Nobody is perfect.
    Last edited by a moderator: Sep 29, 2005
  18. Patsman12

    Patsman12 Rookie

    I'm not trying to throw Reiss to the wolves ... I said in both my posts that I actually like his stuff and think he does a reasonably good job. I just don't see why the admiration level for him in particular seems so much higher than Curran, Felger, Tomase or even the Patriots Football Weekly (Tom Casale, Andy Hart and Paul Perillo) guys. I'd add in Eric McHugh from the Patriot Ledger and Michael Parente from Rhode Island. So that's 8 ... maybe not a dozen -- my bad.

    Do these guys always write stuff I agree with?? Hell no, but they're at least as good as Reiss is at getting info. out there. Aside from what number Mel Mitchell will wear and some minor contract signings (Hochstein, for example) I don't see Reiss telling me much I don't already know ... and these kinds of things aren't all that important to me. They obviously are to you ... no big deal, just a difference of opinion.

    And I mentioned Peter King only because of his national status, not because I feel anyone around here is overly impressed with him. But he is a devout Belichick rump swab (obviously with good reason) and his status at SI and on HBO gives him a mighty big platform to work on.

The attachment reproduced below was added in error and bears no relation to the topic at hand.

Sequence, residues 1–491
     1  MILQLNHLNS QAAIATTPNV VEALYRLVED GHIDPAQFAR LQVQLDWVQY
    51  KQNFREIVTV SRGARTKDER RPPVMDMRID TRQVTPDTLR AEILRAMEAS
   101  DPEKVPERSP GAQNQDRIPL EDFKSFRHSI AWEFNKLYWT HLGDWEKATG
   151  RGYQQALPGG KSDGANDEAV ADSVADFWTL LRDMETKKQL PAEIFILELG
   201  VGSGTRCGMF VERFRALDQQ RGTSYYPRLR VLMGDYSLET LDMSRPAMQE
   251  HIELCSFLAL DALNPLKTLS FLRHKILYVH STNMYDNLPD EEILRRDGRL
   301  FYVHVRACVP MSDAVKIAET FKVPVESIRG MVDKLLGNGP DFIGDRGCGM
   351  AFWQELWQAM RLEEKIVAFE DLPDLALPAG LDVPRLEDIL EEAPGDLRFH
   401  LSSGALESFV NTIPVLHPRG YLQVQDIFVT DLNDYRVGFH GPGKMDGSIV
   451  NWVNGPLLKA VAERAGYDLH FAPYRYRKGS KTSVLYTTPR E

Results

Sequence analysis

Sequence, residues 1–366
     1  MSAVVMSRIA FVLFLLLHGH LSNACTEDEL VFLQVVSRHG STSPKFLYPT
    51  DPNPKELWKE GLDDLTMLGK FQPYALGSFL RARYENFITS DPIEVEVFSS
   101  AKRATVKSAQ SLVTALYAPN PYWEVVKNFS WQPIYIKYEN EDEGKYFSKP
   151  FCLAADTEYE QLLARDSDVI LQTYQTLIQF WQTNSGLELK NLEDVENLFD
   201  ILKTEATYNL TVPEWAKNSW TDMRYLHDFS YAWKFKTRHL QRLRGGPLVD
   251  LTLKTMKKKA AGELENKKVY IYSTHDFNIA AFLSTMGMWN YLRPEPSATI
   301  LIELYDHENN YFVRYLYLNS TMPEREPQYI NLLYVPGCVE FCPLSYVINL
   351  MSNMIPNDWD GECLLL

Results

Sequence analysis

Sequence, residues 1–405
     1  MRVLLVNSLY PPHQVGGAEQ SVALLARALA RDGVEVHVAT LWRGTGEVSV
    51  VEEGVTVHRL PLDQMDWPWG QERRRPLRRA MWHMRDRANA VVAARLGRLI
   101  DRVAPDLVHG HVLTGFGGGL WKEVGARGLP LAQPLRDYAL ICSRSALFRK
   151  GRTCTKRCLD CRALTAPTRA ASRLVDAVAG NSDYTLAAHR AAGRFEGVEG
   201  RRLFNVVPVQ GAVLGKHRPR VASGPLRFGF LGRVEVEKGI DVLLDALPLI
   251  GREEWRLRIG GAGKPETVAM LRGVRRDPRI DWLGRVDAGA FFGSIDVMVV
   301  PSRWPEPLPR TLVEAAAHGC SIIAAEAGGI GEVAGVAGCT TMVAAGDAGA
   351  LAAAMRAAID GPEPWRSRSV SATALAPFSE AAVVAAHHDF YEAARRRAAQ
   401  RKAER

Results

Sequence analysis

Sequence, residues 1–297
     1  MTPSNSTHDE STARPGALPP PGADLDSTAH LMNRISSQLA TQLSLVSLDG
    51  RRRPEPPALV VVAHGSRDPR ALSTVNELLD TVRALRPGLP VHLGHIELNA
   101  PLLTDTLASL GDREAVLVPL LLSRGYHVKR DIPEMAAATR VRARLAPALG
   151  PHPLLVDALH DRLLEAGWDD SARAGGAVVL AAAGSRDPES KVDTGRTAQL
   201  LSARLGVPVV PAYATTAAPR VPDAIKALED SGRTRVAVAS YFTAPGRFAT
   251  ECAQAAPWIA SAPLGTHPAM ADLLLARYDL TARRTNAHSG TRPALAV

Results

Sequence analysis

19. 5 Rings for Brady!!

    5 Rings for Brady!! In the Starting Line-Up

    If you leave Felger and Tomase off your list, I will agree that all those guys are good. I would not call anybody out for admiring any of those guys.

    The staff at PFT is very underrated, in my opinion. Curran is a great 'outsider' and willing to call out boneheads like Felger.
  20. 5 Rings for Brady!!

    5 Rings for Brady!! In the Starting Line-Up

    Rather, the staff at PFW (Patriots Football Weekly).